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For me, the month of May is all about mangoes. Growing up in India, the month of May is the peak of mango season; my mind is flooded with memories of “aamras and puri” (mango pulp and fried mini roti), mango milkshakes, “amrakhand” (the traditional shrikhand, a thick, sweetened yogurt, with a mango twist) and countless mango-based desserts and cakes that my mom made for our birthdays (my sister and I are both May-born).
So for the month of May as part of my cupcake project, the fruit of the month just had to be Mango. It didn’t matter what else is in season in California at the moment, it had to be mango! I’m always looking for delicious vegan recipes for my mom to bake in India with the ingredients easily available in India, so I decided to make these mango cupcakes vegan (and while I was at it, whole grain, with the use of whole wheat pastry flour)!
These cupcakes are light and moist with a great mango and cardamom flavor, and the mango frosting (made vegan with the use of Country Crock plant butter instead of regular dairy butter) is like cardamom-scented ball of fluff!
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This post is a PSA for the glorious combination of blackberries and coconut. Try these out, and you too will wonder why we don’t see these two ingredients together more often! Strawberries and raspberries, sure – but why not blackberries! It’s baffling.
Here I’ve adapted a simple, dairy-free coconut muffin recipe into one that has pops of plump blackberries, that are almost jammy when baked. These are totally delicious and satisfying unadorned, but I couldn’t resist making a gorgeous lavender colored blackberry buttercream to show them a little extra love!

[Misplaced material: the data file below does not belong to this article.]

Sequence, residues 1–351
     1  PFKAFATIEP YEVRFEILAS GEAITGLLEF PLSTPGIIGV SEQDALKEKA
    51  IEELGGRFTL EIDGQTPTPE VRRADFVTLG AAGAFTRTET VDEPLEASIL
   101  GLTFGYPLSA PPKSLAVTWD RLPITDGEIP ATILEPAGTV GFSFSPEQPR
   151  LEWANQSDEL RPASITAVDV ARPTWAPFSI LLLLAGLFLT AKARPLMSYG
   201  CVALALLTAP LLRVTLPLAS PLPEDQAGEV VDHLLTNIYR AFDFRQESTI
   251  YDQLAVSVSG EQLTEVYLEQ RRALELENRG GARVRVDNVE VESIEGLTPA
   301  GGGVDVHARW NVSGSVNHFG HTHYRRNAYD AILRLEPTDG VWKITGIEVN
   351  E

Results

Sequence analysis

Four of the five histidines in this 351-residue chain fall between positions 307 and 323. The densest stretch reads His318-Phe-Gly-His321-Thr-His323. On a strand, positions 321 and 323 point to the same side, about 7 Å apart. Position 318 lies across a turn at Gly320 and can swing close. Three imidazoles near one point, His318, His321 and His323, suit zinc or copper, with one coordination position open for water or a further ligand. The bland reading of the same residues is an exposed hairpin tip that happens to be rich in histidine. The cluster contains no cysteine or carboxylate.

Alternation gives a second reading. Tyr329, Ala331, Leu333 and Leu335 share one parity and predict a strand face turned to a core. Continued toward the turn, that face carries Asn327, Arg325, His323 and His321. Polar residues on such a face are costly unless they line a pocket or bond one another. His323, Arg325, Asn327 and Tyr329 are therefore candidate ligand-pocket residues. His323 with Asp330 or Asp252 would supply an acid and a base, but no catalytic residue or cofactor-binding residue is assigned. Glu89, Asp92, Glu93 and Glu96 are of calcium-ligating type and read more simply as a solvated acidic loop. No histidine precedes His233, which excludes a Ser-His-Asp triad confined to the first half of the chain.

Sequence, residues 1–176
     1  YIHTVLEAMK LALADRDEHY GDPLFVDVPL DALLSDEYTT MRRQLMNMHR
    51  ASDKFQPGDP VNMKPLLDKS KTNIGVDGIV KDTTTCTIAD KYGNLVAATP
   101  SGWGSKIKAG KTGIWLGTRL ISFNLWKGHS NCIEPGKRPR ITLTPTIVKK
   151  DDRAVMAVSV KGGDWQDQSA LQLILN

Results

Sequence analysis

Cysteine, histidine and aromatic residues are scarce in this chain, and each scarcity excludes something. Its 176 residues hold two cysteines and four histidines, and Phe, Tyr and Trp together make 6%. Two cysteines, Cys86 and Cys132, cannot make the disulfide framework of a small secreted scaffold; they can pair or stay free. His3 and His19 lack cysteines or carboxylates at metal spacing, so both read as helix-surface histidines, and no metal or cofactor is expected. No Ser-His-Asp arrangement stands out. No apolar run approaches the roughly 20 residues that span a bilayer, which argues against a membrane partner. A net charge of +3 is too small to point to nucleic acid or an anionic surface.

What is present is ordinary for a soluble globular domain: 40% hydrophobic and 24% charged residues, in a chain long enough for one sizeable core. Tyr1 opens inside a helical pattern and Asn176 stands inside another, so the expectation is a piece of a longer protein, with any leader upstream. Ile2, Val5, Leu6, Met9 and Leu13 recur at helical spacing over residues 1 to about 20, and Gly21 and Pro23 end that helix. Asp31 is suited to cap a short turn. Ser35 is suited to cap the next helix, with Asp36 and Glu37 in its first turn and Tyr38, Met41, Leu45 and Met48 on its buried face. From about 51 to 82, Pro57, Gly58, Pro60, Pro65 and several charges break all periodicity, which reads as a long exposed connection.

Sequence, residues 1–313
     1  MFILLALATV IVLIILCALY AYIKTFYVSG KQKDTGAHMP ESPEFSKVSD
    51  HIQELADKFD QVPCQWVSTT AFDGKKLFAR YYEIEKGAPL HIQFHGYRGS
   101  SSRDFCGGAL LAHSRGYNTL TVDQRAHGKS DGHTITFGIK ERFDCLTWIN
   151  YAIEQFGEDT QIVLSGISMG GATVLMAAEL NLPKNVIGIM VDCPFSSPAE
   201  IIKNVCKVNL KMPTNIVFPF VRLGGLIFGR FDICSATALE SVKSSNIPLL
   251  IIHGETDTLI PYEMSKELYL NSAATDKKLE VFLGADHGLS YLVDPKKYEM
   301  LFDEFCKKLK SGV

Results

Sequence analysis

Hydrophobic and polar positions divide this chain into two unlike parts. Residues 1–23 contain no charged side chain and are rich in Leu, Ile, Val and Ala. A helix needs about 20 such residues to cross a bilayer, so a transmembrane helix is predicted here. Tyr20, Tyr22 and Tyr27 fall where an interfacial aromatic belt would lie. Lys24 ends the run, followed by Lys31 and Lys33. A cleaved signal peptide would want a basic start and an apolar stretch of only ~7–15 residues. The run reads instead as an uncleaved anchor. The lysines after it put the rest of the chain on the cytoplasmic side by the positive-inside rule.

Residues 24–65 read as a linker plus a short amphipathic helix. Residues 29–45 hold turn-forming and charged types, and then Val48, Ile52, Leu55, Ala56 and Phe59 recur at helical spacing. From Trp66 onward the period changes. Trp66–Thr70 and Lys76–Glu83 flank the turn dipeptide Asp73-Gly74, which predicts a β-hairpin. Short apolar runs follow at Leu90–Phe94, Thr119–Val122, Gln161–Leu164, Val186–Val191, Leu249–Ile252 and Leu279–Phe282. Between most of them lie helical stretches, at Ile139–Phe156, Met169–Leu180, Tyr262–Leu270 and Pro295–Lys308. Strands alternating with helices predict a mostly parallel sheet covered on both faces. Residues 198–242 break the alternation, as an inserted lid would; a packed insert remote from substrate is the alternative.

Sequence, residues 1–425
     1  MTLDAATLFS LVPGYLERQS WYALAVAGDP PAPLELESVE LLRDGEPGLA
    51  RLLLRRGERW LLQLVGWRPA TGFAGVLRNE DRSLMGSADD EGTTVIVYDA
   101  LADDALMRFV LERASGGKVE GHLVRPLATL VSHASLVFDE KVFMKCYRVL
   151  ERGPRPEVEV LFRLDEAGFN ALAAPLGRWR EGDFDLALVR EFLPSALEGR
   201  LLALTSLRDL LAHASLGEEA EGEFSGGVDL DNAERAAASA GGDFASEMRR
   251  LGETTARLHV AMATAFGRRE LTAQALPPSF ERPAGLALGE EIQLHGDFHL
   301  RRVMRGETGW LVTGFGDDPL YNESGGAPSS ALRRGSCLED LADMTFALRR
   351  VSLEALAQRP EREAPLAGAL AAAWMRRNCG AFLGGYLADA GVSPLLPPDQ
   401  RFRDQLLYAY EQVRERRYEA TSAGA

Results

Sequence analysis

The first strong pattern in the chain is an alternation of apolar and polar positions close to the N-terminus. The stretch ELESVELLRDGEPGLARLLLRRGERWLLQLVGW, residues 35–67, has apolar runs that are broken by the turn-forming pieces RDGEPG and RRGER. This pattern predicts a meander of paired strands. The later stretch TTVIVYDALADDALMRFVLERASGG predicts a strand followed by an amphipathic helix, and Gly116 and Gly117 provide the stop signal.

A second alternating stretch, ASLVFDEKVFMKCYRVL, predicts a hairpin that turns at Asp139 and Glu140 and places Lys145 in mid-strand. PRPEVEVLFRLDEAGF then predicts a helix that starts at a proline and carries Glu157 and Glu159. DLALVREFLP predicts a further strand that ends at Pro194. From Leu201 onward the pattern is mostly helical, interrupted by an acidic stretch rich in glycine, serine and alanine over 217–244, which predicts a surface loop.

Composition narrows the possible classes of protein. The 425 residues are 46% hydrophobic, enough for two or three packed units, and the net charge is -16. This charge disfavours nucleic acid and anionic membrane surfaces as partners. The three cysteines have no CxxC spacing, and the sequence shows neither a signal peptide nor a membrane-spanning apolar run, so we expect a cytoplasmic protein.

The cupcakes come together in no time, with no beaters or special equipment! I added some coconut flour in addition to the coconut oil, coconut milk and shredded coconut (okay – these are VERY coconut-y), that I think lends a nice bite to these treats!
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An ultra-luxe pound cake recipe adapted to cupcake format, with a lemon flavor so bright and cheerful, it will make all the zesting and juicing well worth the effort! The citrus plays beautifully with the buttery poundcake here. As a poundcake purist I can safely say that if you are going to mess with a classic, you better do it right!
We start by zesting and juicing a whole lot of lemons for this cake. 8 lemons sounds like a lot, but you are doing the work for the batter, the syrup (to soak the cupcakes and make them extra moist and lemony) and the sharp, tart glaze that will wake you up!
Put on some nice music and get right to it!
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Final Update: August 25, 2021!